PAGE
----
Growing your website’s organic traffic is every digital marketer’s dream.
And as you know, it takes a long time to see results. It can take months, or even years before you start seeing something.
But it doesn’t have to take that long, especially if your website is built on a strong foundation.
By only doing two things last January, I was able to grow my organic traffic by 76% in just 3 months. That’s an extra 1,720 clicks on Google.
To show you a bigger picture, here’s how organic traffic looks like in Google Analytics in a 12-month period.
Here’s what I did to grow my organic search traffic:
Those are the only two things I did during this period.
As you can see, this website is probably a lot similar to yours:
- The search volume isn’t in that high —started off in the low hundreds until it grew to the low thousands; not the millions that you often see out there
- It doesn’t have as big a following as others—organic traffic makes up for over 75% of total traffic
I didn’t do any link building activities, guest blogging, nor used any ads here as well. All I did was apply the Pincer Method to create new content and improving existing content.
#1 Create New Content
Search engines such as Google love new content. This is supported by the Google Caffeine update. Here’s what that means:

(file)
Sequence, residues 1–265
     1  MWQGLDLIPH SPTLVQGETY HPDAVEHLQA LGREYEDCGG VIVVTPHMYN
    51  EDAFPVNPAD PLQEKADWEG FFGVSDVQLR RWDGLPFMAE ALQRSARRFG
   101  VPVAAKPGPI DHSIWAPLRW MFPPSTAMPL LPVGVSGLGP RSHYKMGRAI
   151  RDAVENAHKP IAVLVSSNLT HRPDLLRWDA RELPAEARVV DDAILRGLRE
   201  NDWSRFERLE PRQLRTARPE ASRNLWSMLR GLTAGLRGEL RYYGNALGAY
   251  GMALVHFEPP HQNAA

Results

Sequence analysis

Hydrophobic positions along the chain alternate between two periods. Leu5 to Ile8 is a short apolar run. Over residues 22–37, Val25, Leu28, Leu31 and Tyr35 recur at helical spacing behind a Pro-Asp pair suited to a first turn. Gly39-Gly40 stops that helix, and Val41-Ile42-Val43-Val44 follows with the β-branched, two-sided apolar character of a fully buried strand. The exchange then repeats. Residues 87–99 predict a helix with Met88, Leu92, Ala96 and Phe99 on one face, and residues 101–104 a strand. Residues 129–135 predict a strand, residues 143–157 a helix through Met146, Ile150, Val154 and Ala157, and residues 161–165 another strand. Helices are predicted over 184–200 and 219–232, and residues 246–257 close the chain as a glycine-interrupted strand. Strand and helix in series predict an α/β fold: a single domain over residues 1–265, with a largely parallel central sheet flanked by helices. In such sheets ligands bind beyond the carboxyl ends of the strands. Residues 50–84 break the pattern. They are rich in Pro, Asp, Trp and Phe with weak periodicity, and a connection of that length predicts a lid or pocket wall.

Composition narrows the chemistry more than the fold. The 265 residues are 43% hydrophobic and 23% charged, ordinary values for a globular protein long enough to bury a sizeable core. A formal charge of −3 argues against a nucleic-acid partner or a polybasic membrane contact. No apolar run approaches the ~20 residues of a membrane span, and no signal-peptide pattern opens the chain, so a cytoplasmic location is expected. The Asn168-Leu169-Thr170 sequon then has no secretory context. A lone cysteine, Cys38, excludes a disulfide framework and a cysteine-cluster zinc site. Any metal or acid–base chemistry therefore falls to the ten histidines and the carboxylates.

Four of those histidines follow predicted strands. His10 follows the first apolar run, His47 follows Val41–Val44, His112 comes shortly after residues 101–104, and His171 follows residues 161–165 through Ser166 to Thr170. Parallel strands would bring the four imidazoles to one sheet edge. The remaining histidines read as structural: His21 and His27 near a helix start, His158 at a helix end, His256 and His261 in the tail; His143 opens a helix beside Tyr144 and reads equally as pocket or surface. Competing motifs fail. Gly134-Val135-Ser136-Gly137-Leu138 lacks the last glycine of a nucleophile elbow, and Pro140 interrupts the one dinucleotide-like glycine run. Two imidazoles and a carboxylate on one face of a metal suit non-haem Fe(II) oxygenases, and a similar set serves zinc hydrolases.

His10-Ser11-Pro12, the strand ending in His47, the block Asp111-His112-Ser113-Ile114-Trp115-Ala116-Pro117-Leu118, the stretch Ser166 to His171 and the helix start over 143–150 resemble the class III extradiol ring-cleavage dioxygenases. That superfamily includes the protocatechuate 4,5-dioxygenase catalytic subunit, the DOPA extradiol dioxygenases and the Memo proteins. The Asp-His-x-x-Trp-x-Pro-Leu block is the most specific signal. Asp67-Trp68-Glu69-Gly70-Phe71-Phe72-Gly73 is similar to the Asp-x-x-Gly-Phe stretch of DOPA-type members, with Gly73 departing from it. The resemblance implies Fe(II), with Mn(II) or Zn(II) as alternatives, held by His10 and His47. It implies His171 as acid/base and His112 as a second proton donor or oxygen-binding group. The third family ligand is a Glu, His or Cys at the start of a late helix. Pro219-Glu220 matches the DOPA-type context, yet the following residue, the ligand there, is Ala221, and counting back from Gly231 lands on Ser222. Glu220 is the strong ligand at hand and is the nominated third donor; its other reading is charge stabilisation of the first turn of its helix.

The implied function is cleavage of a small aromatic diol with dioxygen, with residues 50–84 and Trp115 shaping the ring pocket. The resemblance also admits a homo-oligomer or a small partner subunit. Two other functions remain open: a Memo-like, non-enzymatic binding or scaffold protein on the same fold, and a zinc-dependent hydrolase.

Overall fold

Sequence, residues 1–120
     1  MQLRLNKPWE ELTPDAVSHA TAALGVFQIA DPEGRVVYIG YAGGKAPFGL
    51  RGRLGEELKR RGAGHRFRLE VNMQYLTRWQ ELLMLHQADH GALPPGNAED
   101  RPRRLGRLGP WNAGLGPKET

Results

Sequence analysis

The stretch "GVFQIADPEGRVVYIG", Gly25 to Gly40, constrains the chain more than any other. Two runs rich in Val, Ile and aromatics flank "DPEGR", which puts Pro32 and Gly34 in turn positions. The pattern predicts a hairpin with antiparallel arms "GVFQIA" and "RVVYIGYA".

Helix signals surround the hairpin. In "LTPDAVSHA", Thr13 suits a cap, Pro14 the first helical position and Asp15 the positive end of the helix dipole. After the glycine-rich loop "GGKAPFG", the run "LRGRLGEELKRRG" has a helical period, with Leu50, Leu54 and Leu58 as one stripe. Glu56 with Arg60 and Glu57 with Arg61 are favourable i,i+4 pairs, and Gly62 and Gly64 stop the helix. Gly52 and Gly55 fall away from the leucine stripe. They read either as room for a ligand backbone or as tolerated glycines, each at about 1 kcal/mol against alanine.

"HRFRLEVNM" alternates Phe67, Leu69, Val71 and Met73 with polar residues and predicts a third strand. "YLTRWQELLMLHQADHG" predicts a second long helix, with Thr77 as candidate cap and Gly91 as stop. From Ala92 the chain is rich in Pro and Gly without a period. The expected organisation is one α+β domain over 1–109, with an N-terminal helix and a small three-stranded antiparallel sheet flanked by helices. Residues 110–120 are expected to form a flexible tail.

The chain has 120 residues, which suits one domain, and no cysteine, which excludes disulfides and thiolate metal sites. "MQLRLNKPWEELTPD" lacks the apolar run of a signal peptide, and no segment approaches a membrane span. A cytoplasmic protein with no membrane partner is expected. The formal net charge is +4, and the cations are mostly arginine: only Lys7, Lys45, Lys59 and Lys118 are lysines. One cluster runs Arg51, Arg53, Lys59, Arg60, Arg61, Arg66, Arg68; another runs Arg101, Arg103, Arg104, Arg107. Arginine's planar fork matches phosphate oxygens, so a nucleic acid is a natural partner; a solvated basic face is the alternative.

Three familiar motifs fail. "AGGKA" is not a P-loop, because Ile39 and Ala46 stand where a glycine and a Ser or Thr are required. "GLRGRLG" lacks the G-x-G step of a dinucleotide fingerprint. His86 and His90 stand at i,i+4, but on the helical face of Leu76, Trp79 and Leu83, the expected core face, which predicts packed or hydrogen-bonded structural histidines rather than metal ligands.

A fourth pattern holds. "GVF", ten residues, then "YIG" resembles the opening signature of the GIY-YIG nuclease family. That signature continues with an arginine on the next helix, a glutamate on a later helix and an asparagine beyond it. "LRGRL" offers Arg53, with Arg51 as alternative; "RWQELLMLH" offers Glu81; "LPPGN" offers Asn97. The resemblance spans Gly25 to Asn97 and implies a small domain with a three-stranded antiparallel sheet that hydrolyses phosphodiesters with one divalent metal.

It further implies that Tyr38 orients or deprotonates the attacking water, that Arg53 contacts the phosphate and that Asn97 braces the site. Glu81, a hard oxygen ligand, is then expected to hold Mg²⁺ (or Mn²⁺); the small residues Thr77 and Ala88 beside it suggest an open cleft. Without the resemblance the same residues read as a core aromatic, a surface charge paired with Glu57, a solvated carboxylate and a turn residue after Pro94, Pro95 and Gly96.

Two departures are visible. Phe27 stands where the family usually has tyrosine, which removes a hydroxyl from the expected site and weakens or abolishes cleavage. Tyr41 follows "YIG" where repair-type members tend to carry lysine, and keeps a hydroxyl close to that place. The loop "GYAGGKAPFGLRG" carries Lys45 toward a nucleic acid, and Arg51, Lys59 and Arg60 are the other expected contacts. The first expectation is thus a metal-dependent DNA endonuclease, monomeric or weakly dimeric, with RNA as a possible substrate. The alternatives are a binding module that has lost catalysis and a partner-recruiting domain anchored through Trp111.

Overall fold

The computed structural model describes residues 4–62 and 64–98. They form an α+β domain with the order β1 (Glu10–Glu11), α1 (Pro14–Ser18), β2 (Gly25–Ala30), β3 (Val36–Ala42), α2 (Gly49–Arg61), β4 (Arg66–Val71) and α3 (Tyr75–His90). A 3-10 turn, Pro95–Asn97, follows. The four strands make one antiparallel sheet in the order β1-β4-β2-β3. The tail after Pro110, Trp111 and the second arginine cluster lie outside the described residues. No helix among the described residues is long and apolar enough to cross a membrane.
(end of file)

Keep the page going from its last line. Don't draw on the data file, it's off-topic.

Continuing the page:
Google gained the capacity to crawl faster and produce fresher results from a larger index. Sites that covered new stories quickly were rewarded.Search Engine Journal
Of course, there are other factors that contribute to ranking on Google. But the point is that the more content you create, assuming they are high-quality content, the better chances for increasing your organic traffic.
Objectives and challenges
In late December 2019, after everyone went into holiday mode, I decided to do something to grow my website’s traffic.
Instead of binging on Netflix all day long, I took out my notebook and a bunch of Post-its and start planning my 2020. After figuring out what I wanted to achieve in terms of traffic, leads, and revenues, I reverse engineered how I can achieve those goals.
Since I don’t want to spend money on ads (paid traffic), the only way I can reach those goals is to drive more traffic to my website.